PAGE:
There's other places that I've had good experiences with, but also like to make jokes about, such as Motel 6. ("Find a dead hooker in the mattress and your next stay is free!")

maxdebryn said...

Apropos of THE ROPERS: what an awful sitcom. The British original, called GEORGE and MILDRED, lasted five seasons, and was very funny.

Brian Fies said...

Adding to DwWashburn's list of commercial jingles that became legit hits: "We've Only Just Begun" by the Carpenters began life as a bank commercial.

The fact that Elvis Costello graciously acknowledged that all art is influenced by and builds on other art doesn't mean he'd "sell out" his songs for commercials. Not the same thing. Though I wouldn't necessarily think less of him if he did, depending on the product.

I had two reactions when I saw the Applebee's commercial: It made me happy to hear the song again; and it struck me that Applebee's is the LAST place I'd expect to find staff who had the faintest idea who I was beyond "Table 75." In my case the commercial backfired, only highlighting for me how unlike a friendly neighborhood bar Applebee's is.

Paxton Q said...

Some 20 years ago Cadillac used Led Zeppelin's "Rock and Roll" as a commercial jingle. The thought of using Zep to sell cars driven by guys like your grandfather boggles my mind even today.

VincentP mentioned the Doors. Supposedly all four of them had an equal vote in how their songs were to be used. After Morrison passed on, it was Kreiger, Manzarek and Densmore, who steadfastly refused all offers, much to the chagrin of the other two, who wanted to cash in before it was too late. It was Densmore's opinion that Morrison would have refused (based on that incident previously mentioned) and he was honoring Morrison's wishes.

I think Morrison would have taken the money and run. Now it is too late. Nobody cares about the Doors or their music anymore, except for old DJs like me.

maxdebryn said...

@ Brian Fies - I didn't say that he'd "sell out" his songs for commercials."He" being Elvis Costello.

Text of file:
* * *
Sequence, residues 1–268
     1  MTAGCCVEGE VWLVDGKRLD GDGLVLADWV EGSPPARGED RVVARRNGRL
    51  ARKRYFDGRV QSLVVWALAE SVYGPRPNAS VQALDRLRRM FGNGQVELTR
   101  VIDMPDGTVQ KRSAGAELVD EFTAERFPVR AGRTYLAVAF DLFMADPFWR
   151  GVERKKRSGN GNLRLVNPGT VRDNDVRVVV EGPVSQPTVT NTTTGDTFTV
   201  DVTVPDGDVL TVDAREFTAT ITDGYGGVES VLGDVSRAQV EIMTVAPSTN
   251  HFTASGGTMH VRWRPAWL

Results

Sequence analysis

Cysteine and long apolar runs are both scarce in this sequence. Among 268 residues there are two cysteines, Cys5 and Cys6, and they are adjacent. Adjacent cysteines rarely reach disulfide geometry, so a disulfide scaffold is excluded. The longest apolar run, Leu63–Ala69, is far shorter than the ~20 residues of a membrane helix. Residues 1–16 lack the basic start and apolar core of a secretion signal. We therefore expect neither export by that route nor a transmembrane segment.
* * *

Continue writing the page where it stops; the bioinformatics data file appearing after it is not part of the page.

Jahn Ghalt said...

many Cubs fans who have never associated the field with the chewing gum it's named after.


And here I thought that it was named after the Cub's owner.

Mario S said...

Technically Wrigley Field was named after the owner. But the league didn't mind the association with gum. When the Busch family bought the Cardinals, Augie Busch wanted to name the stadium Budweiser stadium but they wouldn't let him because they didn't want the stadium named after beer. They would let him name it after the family name, which he did. He then created Busch Bavarian beer. So he got his free advertising anyway.

Ere I Saw Elba said...

@ maxdebryn

The fact that Depeche Mode and New Order are selling things like life insurance and estate planning is the most depressing thing I've heard this year, and I'm a fan of their depressing music. What a fucked up time our generation is going trough. And 2022 doesn't even have three weeks into it.

Anonymous said...

Barry Manilow wrote the following commercials. He said it paid pretty well.

'Stuck on Band-Aid' and Other Unforgettable Jingles You Probably Didn't Know Barry Manilow Created
State Farm: “Like a Good Neighbor”
Band-Aid: “Stuck on Band-Aid”
Stridex: “Give Your Face Something to Smile About”
KFC: “Grab a Bucket of Chicken”
Pepsi: “Feelin' Free”
McDonald's: “You Deserve a Break Today”

Pam, St Louis.

Joseph Scarbrough said...

@Andrew I know how you feel . . . I love Olive Garden, but I seriously don't get the hate that's always heaped on them - especially those who always call it a glorified Italian McDonald's, because that's such a false equivalent: McDonald's is a fast food joint, Olive Garden is too fancy to be fast-food, but too casual to be an upscale restaurant.

Chuck said...

Thought that, did you? Yes, originally Weeghman, then Cubs Park, it was renamed Wrigley Field in late, 1926.
William Wrigley Jr., from opening day, 1927: "Let those who sit upon these seats, find themselves not also sitting upon a wad of chewed Wrigley Double Mint gum, for which this field is renamed."

One of my favorite Famous Quotes. That William Jr., what a character!

Nathan Detroit said...


Those who — circa 1967 — first viewed the Gold Medal Flour “Can Do” commercials
https://www.youtube.com/watch?v=2BwmztGRxok
might’ve wondered if the company had swiped the jingle from the Guys and Dolls opening number, A Fugue for Tinhorns,
https://www.youtube.com/watch?v=BAIlVCStp3c
while the attorneys of Frank Loesser (1910-1969) slept.

But the songwriter was no stranger to Madison Avenue, having written an undistinguished ditty for Piels Beer in 1958